Marketing and Empathy Psychology
How to Address ISO's New Climate Change Requirements

By - William A. Levinson, P.E., FASQ, CFPIM

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This presentation will provide ways to address ISO’s new requirements related to climate change, as deployed to standards such as ISO 9001 (quality management systems), ISO 14001 (environmental management systems), and ISO 50001 (energy management systems). While this presentation recommends against agendas like Net Zero and carbon neutrality, removal of energy waste from supply chains enables lower prices, higher profits, higher wages, and fewer carbon emissions. Numerous online resources, including from the Department of Energy, are available to assist with this.

In addition, if climate-driven weather events create risks to continuity of operations, including supply chain risks, climate is indeed relevant to the organization’s management system. If your organization is already addressing these risks, it may well be doing everything it needs to do to meet the new requirements.


  • Major ISO standards including ISO 9001:2015 have been amended with two climate-related requirements. Clause 4.1, context of the organization, requires organizations to determine whether climate change is relevant to their management systems. Clause 4.2, needs and expectations of interested parties, adds that stakeholders may have requirements related to climate change. These amendments fortunately do not require commitment to carbon neutrality or Net Zero agendas.
  • Climate change is important because it is a fact of nature, and drives weather events that pose risks to supply chains and continuity of operations. This presentation does not, however, deem it urgent because (1) there is a limit as to what can be done about it and (2) many parties that say it is urgent do not behave as if it is urgent.
  • The economical downside to efforts to stop climate change is underscored by the relative inefficiency of direct air capture, which seeks to remove carbon dioxide from the atmosphere. (Direct carbon capture from concentrated sources is another matter, and carbon dioxide is a commodity that can be resold.)
  • Removal of energy waste from the supply chain, on the other hand, benefits all stakeholders. It enables lower prices, higher wages, and higher profits. Even if the energy saved is renewable, it is probably fungible via the power grid with fossil fuel energy, so it reduces carbon dioxide emissions too. This is obvious but removal of energy waste is easier said than done, because the wastes in question often hide in plain view. ISO 50001:2018’s energy gap analysis can help force the waste to become visible, and other techniques are available as well.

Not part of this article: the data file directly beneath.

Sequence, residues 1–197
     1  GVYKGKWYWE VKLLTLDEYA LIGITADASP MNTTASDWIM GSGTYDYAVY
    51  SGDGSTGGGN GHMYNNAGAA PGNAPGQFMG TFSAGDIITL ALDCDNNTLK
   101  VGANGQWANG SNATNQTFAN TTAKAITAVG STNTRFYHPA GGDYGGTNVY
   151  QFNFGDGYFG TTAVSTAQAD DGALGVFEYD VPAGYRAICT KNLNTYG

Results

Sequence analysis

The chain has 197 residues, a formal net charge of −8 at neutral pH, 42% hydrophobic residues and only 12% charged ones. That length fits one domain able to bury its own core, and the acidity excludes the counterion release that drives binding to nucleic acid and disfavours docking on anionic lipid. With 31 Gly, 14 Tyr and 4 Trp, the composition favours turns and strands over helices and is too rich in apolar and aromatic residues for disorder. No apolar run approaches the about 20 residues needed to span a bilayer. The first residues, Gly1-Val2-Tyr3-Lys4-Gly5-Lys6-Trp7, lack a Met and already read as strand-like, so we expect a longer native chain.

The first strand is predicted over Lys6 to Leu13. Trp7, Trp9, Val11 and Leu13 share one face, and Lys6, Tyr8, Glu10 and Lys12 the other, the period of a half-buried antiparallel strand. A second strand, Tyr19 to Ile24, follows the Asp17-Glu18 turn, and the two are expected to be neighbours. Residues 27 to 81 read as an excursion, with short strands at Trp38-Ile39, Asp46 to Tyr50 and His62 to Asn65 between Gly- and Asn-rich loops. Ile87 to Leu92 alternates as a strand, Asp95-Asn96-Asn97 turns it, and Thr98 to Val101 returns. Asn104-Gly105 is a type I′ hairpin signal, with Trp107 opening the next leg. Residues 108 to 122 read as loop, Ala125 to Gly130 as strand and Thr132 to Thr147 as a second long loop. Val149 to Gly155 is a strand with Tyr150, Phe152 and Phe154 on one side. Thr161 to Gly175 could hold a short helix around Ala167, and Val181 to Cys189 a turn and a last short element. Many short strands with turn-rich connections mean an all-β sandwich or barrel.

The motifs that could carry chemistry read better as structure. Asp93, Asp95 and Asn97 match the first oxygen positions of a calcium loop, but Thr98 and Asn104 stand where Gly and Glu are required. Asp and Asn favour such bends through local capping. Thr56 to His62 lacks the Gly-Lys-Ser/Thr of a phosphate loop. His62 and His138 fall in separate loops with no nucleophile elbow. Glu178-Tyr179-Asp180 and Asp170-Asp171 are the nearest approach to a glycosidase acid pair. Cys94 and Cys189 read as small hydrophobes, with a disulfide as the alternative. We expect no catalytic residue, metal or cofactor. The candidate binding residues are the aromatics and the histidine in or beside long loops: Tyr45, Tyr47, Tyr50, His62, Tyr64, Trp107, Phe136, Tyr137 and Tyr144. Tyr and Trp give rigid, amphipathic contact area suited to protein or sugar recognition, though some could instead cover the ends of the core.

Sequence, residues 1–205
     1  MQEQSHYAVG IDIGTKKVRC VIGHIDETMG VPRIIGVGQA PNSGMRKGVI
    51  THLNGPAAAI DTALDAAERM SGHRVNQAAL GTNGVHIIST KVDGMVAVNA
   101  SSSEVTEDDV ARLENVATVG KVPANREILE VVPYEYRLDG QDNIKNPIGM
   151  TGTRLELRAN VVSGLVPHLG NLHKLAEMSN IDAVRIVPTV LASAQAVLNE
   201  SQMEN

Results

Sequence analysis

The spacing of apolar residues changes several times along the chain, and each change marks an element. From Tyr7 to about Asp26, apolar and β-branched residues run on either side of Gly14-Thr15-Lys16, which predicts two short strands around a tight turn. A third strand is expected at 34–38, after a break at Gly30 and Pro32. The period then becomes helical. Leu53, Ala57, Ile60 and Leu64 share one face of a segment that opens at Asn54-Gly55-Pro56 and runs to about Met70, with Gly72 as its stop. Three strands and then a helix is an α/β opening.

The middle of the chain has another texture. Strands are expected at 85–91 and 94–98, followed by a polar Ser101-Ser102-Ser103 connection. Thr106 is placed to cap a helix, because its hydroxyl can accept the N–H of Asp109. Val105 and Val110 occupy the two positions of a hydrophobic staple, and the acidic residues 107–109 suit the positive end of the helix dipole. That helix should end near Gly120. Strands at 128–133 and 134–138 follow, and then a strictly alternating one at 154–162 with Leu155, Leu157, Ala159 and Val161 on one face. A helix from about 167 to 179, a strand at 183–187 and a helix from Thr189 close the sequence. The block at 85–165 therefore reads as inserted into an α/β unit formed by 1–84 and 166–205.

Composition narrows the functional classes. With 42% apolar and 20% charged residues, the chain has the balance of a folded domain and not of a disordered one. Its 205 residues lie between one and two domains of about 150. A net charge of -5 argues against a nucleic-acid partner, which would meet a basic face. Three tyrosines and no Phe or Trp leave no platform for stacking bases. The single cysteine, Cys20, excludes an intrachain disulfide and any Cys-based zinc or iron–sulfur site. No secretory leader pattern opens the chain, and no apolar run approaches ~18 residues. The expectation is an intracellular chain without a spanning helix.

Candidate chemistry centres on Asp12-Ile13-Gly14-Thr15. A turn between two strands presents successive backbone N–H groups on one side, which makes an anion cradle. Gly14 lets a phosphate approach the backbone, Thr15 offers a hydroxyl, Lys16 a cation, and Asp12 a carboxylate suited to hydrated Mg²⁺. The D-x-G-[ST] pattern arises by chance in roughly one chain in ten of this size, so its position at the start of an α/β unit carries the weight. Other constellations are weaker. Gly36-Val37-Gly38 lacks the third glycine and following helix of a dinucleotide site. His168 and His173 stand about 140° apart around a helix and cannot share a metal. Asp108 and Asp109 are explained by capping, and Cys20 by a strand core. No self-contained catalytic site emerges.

• The US Department of Energy provides resources to help identify and eliminate energy wastes. Leadership in Energy and Environmental Design (LEED) reduces the cost of operating buildings, along with associated carbon emissions.
    Climate change does affect weather, which in turn creates risks to supply chains and continuity of operations. It is important to identify and address these risks. As an example, is a supplier plant (or our own) located on low ground that is subject to flooding? If so, is it protected by levees? Commodity futures are a long-established way to deal with risks that might be driven by climate change.
  • A checklist of questions will be provided to help with self-assessment of conformance to the new requirements. These questions require narrative rather than yes/no responses.

Benefits of This Session:

Attendees will learn to push back, when appropriate, against requirements for carbon neutrality, purchase of carbon offsets, and Net Zero, all of which increase supply chain costs at the expense of stakeholders. You will also learn, however, ways to identify and remove energy waste which reduces supply chain costs, and thus enables lower prices, higher wages, and higher profits. Energy not wasted probably means fewer carbon dioxide emissions too, even if the energy is renewable; we can sell back to the power grid whatever we don’t use. The webinar will also cover the numerous ways in which climate-driven weather events can affect continuity of operations, which means climate change is indeed relevant to the management system if any of these risks are present.

What You Will Learn:

The webinar underscores how energy waste can hide in plain view, so attendees will be able to take this knowledge back to the workplace along with knowledge of readily available resources to help remove this waste. This is among the most important takeaways because, to paraphrase Benjamin Franklin, a kilowatt-hour saved is the price of a kilowatt-hour earned.

Who Should Attend:

All users of ISO standards to which new climate-related requirements will be added, including especially ISO 9001 but also 14001, 45001 (occupational health and safety), and 50001.

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Speaker Detail

William A. Levinson, P.E., FASQ, CFPIM

Bill Levinson, P.E., CPIM, CQE, is the owner of Levinson Productivity Systems PC. He is the author of numerous books on quality, productivity, and management, the most recent of which is Reshore Production Now: How to Rebuild Manufacturing and Restore High Wages, High Profits, and National Prosperity in the USA.

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